Recognising kindness for Mental Health Awareness Week

Fanclub has always recognised the importance of being kind and it’s rooted in our company value of ‘playing nicely’. Kindness has also been chosen as the theme for this year’s Mental Health Awareness Week. The positive impact that being kind can make on both our physical and emotional wellbeing is extraordinary; everything from protecting your heart to reducing stress and anxiety - kindness has it covered. In these uncertain times a small act of kindness has never been more powerful. With this in mind, in this week’s blog we felt that it was worth highlighting the acts of kindness we’ve witnessed in our own lives recently to share the kindness around.

Hannah 

I’m part of the not-so-lucky bunch that’s been forced to celebrate their birthday in lockdown. While at first it seemed dull, I’m lucky enough to have some brilliantly creative friends that helped me celebrate from the comfort of my own home. My friend Liddy, a graphic designer, has been creating ‘Stay at Home’ inspired prints, designing and sharing one-a-day since lockdown was announced, and she created a special birthday edition print for me that really put a huge smile on my face! Check out her prints, they’re sure to make you smile too.

Fab

I think we all know how awful the pandemic has been. So rather than indulging in my usual pessimistic thoughts - who doesn’t like to complain? - I’ll instead focus on one of the biggest positives the coronavirus has brought us; community spirit. Despite my extremely approachable resting bitch face, you’ll be surprised to learn that I haven’t ever really engaged with my neighbours beyond doing an awkward nod in the street in their direction. 

Since the lockdown began, I’ve joined the local community WhatsApp group, sharing local things to do and resources we’ve found online to help with pandemic-induced anxiety. But the best part of it all is my next door neighbour. At least 3-4 days a week she’ll share home baked goods, her first attempts at maki rolls and even strawberry daiquiris! Unfortunately, my house’s culinary skills leave something to be desired, so in return we’ve been helping her on shopping trips and bought her a hamper of snacks and wine.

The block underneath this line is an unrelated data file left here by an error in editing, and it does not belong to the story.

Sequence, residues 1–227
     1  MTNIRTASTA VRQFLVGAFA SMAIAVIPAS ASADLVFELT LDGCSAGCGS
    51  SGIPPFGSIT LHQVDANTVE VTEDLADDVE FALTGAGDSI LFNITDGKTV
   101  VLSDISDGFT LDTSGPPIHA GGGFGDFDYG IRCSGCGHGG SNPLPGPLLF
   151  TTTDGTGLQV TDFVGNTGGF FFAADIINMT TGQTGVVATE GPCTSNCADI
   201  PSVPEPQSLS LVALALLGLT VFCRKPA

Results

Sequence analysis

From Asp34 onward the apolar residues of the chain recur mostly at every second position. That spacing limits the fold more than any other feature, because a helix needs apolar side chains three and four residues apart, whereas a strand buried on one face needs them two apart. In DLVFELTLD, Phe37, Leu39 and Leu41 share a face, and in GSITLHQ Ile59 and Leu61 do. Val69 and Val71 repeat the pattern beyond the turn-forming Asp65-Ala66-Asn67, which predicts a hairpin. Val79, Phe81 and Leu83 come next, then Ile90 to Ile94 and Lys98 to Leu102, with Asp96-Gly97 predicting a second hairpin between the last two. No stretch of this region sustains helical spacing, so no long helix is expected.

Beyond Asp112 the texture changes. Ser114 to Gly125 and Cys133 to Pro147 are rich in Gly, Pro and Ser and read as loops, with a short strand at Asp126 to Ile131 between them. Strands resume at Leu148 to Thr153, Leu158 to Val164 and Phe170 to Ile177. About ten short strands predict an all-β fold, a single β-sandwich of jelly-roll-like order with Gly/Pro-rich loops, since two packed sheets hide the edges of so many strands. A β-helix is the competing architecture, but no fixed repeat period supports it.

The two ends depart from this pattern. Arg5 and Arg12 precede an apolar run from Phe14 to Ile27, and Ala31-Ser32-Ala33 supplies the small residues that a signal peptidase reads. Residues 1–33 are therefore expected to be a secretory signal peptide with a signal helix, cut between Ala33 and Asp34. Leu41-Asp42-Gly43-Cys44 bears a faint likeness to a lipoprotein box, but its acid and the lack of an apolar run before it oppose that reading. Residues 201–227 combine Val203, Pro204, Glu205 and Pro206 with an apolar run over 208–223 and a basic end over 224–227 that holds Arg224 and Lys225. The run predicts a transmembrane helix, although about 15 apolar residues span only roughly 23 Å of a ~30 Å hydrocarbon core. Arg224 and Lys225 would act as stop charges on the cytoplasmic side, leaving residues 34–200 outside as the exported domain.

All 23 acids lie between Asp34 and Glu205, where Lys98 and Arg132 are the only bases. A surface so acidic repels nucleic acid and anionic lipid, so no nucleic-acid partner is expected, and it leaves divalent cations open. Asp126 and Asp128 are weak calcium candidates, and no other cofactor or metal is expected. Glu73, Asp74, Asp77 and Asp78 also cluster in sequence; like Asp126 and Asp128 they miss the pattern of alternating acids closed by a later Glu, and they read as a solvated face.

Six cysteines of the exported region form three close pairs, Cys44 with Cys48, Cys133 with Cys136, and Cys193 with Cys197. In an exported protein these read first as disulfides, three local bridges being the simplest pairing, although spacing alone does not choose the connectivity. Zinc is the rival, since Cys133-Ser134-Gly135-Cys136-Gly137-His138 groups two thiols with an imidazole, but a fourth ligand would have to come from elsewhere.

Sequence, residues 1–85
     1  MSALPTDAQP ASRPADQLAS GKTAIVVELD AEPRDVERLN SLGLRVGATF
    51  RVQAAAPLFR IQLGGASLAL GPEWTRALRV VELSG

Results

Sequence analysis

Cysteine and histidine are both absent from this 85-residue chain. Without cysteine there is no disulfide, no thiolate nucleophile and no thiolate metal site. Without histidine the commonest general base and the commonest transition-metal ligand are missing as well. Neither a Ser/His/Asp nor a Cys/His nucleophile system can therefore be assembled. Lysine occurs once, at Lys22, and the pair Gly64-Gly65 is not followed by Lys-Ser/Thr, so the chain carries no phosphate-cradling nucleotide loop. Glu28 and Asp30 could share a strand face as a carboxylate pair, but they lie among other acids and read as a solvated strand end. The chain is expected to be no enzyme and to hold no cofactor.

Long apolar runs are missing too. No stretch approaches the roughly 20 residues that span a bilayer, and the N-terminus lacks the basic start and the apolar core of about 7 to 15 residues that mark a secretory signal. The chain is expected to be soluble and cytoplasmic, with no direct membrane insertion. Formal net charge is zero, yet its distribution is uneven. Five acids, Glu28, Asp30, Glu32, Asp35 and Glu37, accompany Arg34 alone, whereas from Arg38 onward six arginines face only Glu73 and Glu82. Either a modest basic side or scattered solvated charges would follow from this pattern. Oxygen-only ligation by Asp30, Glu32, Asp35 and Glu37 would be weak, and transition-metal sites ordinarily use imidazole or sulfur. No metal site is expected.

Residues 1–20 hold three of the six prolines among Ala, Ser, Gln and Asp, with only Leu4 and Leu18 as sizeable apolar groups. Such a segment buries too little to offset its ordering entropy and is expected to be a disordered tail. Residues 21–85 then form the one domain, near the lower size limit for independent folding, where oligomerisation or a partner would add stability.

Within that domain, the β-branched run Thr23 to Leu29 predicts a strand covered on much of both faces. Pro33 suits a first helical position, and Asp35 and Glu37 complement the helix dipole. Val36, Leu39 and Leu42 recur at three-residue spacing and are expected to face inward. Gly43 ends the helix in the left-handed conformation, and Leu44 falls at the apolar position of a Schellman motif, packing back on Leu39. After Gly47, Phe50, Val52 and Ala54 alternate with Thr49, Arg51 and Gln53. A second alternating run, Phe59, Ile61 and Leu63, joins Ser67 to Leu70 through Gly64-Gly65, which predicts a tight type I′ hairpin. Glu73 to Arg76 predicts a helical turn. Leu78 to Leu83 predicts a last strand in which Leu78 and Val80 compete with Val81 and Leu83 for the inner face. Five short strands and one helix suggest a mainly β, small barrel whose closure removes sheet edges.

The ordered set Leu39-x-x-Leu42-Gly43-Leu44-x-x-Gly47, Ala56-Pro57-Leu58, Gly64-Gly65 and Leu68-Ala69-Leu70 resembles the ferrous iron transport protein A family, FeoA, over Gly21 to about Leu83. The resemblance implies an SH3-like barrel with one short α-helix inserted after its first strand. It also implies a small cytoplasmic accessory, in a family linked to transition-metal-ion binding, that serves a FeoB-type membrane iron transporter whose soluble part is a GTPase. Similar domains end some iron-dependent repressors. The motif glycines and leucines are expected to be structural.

So to Yasmin; thank you! And may the pandemic leave behind this brilliant sense of community spirit. 

Camille 

Stories of people’s little kindnesses have been endlessly uplifting during these past two months, and I’m lucky enough to work on a client that rewards its own employees for the kind ways in which they help their customers. Every week I write a summary of these actions for the client newsletter and am always warmed by the various acts of kindness. One that sticks out in recent memory are the two employees who made sure that one woman, isolating alone with her vulnerable elderly mother, received not only a full food shop but also flowers and chocolates for Mother’s day (unasked for)! 

Emily 

Since being stuck at home, I’ve relished the doorstep bundles of pick-me-ups and support from kind friends and neighbours. I’ve had all manner of useful, edible, fun and sentimental gifts dropped at my door in times of emotional and practical need- from cake, to boardgames, to potting soil; most have been unsolicited. Knowing that people are thinking of you and are kind enough to go out of their way to show it, even if they don’t know you well at all, has literally made all the difference to my mental wellbeing over these last few weeks

Adrian 

Watching the pandemic unfold was nothing like the movies. In the main, there was no rioting in the streets; no overbearing policing of lockdown; no ‘iron fist’ of governance. Instead, we were stood on our doorsteps applauding key workers.

 The spirit of generosity and collaboration to ‘get through it’, extended to the corporate world. It’s been uplifting to see companies step up the COVID challenge, whether that be by re-allocating resources to create ventilators or hand sanitiser, providing free bikes to NHS workers or countless donations of time and goods.

In the 1950s there was a management theory called ‘Stakeholder Capitalism’. Its protagonists put forward a view that companies should serve society as a whole, rather than its shareholders. 70 years later, the one positive thing that could come out of this pandemic is a kinder version of the economy. And after centuries of wrecking ourselves and the planet to serve the old economy, boy do we need it. 

Jack Welch, the former CEO of General Electric said it best when he said, “On the face of it, shareholder value is the dumbest idea in the world”. Life in a pandemic has provided a glimpse of a smarter and kinder way to live and work.

Jess 

My mum is a teacher in a West London primary school and when lockdown hit it quickly became clear that the school had many already struggling families where parents had now lost their jobs, with nothing to fall back on many of the pupils faced going hungry within the week. The school sent out a plea for help and within 3 days we had gathered enough donations from our friends and neighbours to fill our car twice over. The generosity of people towards complete strangers was overwhelming and it’s amazing to know that what may have been a small act of giving for one person made a huge amount of difference to someone else.